However, a simultaneous iodine deficiency in combination with soy consumption can increase the risk of hypofunction. This is because isoflavones are thought to bind to the iodine that is supposed to bind to the amino acid tyrosine to make thyroid hormone. For this reason, among other things, isoflavones are considered inhibitors of thyroid hormone formation. However, studies have shown that iodine binding to isoflavones is negligible and not clinically relevant.

As a precaution, however – as is advised elsewhere – one should ensure a good supply of iodine. But an adequate iodine supply (not too much and not too little) is of course always important – whether you eat soy products or not.

Years of soy: No thyroid effects

In 2010, the results of a three-year randomized, double-blind, placebo-controlled study in postmenopausal women were published. They had taken 54 mg of soy isoflavones (genistein) daily for three years – which was more than the 30 g of pickled soybeans in the Japanese study mentioned above. Despite this long period of taking the isolated substances, there were no changes in the thyroid values ​​(not even in the area of ​​antibodies) and no signs of hypothyroidism.

Five years later, another three-year study was published (in Menopause magazine). Again, women received soy isoflavones. Group 1 was the placebo group, Group 2 received 80 mg of isoflavones per day and Group 3 received 120 mg per day. There were no side effects in terms of thyroid function in any group.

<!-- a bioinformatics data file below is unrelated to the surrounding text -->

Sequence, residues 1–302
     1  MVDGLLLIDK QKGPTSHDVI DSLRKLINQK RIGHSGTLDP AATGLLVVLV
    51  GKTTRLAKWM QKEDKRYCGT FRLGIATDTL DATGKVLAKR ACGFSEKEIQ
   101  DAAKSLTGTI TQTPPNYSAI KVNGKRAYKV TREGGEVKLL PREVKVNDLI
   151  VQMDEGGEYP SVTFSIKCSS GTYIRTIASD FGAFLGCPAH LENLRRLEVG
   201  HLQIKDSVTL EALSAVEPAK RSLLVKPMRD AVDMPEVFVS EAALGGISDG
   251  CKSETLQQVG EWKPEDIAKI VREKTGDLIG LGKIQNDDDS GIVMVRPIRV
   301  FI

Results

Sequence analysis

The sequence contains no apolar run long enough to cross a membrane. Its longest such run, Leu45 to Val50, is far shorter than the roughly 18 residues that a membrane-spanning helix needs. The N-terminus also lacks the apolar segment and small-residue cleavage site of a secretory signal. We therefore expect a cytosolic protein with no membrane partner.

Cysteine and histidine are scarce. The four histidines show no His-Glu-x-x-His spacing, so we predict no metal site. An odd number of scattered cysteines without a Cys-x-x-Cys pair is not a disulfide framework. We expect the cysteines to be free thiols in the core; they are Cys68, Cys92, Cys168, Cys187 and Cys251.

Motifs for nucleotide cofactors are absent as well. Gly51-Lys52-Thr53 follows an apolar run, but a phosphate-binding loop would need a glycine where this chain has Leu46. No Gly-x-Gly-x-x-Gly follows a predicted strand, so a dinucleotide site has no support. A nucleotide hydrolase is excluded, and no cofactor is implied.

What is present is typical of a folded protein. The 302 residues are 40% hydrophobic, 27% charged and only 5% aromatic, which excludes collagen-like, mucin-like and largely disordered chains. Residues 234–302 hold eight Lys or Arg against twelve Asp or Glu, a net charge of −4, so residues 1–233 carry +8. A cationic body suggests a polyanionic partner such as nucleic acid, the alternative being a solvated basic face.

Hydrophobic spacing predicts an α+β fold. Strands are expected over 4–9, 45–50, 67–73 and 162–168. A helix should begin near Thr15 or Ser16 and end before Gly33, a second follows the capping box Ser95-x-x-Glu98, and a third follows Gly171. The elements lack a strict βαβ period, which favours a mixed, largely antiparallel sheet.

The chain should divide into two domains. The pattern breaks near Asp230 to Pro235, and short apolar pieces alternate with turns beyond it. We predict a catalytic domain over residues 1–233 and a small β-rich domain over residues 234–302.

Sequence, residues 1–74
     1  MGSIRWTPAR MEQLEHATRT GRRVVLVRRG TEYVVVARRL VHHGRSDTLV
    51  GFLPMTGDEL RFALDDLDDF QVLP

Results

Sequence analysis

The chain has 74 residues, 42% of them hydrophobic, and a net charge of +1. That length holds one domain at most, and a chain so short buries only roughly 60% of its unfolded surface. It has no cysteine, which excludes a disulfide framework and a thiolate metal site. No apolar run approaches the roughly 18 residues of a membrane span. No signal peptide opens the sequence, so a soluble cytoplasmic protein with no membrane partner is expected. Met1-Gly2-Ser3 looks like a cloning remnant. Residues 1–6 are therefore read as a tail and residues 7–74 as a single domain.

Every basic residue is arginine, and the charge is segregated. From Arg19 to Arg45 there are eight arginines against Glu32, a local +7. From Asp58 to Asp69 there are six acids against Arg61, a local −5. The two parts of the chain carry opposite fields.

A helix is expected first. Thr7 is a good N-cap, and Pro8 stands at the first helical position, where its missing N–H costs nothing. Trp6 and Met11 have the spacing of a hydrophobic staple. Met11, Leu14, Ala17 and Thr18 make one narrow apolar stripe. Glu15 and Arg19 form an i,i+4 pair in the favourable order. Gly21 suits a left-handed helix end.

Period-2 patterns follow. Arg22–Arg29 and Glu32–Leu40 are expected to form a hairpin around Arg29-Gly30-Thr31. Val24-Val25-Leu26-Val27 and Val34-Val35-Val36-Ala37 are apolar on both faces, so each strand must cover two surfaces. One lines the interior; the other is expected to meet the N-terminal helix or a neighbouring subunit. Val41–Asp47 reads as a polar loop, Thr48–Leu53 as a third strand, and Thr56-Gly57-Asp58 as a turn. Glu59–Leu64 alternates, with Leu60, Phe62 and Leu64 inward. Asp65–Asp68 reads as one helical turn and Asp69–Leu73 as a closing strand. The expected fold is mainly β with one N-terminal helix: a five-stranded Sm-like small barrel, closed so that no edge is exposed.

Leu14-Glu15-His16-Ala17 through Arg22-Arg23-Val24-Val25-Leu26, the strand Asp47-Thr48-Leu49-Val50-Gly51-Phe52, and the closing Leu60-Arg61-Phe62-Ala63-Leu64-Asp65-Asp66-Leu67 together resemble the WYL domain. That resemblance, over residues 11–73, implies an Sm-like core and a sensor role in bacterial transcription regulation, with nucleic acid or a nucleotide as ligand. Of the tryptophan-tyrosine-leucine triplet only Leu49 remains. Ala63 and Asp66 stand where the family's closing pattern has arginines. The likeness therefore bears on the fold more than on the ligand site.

Soy protein isolate: No change in thyroid levels

In 2015, a study by researchers from the University of Freiburg was published in the journal Experimental and Clinical Endocrinology & Diabetes. In this study, 14 normal-weight and thyroid-healthy women were given a soy protein isolate-based weight loss shake for 8 weeks. The shake was 44 percent soy protein. The women should start with 25 g of the shake powder per day and increase the dose by 25 g weekly until they reach 125 g. The isoflavone content was 1.45 mg per gram of powder.

The isoflavone levels in the blood (genistein, daidzein, glycitein, equol, etc.), the thyroid levels (TSH, fT3, fT4), and the sex hormones (estrogen, progesterone, testosterone, and DHEA) were checked weekly.